One hundred four years of editorial freedom
Fire strikes vacan
By MICHELLE JOYCE
Daily Staff Reporter
Fire ravaged through the floors of
the former Delta Sigma Phi fraternity
house early Saturday morning, leav-
ing the fate of the house uncertain.
The Ann Arbor Fire Department
received acall at4:16 a.m. Saturday. By
the time firefighters arrived at 1315 Hill
St. a few minutes later, the blaze had
already spread to the third floor.
According to a fire department
news release, the fire started on the
first floor, spread to the atrium and
then went up to the roof. The most
damage occurred on the third floor,
but the first and second floors also
The cause of the blaze is still unde-
termined. The fire department estimated
damage and loss from the blaze at
$600,000. No injuries were reported.
Allan Lutes, the owner of Alpha
Contracting, looked over the damage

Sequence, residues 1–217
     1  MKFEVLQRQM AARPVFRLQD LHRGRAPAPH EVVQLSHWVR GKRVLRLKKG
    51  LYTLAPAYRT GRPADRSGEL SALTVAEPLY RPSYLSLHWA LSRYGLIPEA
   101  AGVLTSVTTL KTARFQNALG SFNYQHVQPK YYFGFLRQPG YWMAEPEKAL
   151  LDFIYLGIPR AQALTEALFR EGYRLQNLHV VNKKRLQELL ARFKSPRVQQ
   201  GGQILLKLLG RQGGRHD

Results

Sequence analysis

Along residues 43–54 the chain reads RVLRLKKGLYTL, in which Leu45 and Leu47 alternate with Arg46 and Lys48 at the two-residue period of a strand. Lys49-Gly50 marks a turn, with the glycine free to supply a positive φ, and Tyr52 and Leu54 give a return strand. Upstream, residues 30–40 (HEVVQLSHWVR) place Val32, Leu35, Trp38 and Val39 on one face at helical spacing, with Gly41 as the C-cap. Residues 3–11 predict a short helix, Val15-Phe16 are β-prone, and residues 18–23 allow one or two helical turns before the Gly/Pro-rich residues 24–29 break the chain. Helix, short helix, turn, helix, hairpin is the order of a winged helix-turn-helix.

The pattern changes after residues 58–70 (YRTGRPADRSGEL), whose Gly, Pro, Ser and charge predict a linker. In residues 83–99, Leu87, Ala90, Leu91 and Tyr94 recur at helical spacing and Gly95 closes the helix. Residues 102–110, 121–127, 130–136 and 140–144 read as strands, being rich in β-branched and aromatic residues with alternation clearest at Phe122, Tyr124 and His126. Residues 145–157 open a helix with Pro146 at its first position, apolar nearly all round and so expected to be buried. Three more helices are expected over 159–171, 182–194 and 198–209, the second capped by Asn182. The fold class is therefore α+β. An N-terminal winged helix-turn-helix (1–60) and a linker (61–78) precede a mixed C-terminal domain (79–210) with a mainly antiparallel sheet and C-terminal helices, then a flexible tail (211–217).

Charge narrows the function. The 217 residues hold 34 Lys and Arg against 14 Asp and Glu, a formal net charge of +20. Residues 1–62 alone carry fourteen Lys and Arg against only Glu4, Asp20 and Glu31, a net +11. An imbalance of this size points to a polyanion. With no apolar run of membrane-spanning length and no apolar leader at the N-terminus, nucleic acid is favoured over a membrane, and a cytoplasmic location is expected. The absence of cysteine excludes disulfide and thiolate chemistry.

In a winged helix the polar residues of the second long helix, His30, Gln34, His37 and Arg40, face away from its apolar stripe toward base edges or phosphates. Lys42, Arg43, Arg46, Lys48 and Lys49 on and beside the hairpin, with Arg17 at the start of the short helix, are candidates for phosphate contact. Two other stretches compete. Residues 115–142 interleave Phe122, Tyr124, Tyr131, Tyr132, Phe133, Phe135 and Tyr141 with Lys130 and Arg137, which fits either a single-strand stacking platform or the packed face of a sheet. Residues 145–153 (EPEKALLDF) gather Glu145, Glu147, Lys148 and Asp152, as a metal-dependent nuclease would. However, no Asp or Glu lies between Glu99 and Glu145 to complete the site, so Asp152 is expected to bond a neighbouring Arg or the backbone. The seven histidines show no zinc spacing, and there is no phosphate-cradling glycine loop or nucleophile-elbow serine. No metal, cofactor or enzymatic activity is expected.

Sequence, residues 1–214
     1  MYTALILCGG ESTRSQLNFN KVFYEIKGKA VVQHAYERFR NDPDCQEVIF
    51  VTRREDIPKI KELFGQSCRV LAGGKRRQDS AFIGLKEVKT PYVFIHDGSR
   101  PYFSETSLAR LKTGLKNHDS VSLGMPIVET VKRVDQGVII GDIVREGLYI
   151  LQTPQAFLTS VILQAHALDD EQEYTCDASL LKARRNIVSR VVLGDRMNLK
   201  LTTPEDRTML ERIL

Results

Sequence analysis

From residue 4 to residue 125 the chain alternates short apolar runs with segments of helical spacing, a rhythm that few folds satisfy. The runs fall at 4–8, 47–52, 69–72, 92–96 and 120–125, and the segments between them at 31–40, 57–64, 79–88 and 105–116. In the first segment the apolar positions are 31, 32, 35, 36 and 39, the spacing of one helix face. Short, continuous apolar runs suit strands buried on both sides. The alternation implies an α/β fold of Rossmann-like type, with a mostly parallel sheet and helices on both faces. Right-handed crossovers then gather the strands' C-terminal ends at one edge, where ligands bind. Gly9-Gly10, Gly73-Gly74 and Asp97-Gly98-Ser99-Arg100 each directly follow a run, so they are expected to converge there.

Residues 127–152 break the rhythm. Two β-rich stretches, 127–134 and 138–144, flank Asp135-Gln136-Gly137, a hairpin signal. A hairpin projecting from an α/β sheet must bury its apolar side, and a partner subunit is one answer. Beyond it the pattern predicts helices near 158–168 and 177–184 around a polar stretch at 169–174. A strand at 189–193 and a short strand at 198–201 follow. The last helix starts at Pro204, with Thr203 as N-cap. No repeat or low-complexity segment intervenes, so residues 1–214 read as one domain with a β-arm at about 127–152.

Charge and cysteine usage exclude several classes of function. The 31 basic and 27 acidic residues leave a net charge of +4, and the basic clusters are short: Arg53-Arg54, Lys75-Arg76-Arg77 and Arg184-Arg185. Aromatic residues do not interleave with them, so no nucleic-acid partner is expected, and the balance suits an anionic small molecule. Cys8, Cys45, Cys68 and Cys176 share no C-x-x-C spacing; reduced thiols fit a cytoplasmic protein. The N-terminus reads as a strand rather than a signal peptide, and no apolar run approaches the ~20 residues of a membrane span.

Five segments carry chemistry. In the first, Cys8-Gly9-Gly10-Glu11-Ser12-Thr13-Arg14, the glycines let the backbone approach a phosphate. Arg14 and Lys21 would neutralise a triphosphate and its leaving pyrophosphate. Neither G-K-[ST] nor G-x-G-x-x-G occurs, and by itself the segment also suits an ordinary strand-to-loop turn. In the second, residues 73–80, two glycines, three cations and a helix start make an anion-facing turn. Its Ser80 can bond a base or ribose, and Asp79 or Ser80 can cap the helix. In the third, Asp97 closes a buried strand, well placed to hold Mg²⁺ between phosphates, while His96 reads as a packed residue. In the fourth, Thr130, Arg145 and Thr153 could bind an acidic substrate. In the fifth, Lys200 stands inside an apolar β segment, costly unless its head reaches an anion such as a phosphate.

as his construction crew worked
through the day Saturday to board up
the house. "From the rumors I've
heard, the fire department thinks that
someone broke in and built a fire in
the fireplace. The fire then got out of
control," he said.
Lutes added that this was not the
first time that people had entered the
house illegally. "The house has been
broken into on a regular basis by
vandals and vagrants," he said.
Claire Huschle, an LSA senior who cant since last May. The house was put
lives next door to the former frater- up for sale in September when mem-
nity house, said she did not notice hers of the fraternity, Delta Sigma Phi,
anything unusual Friday night or early decided not to move back in.
Saturday. "I've seen homeless people Falling membership and threats
hang around the house before but I've by the city to condemn the house
never actually seen anyone walk in or contributed to the decision by the
out," she said. national fraternity to let the local chap-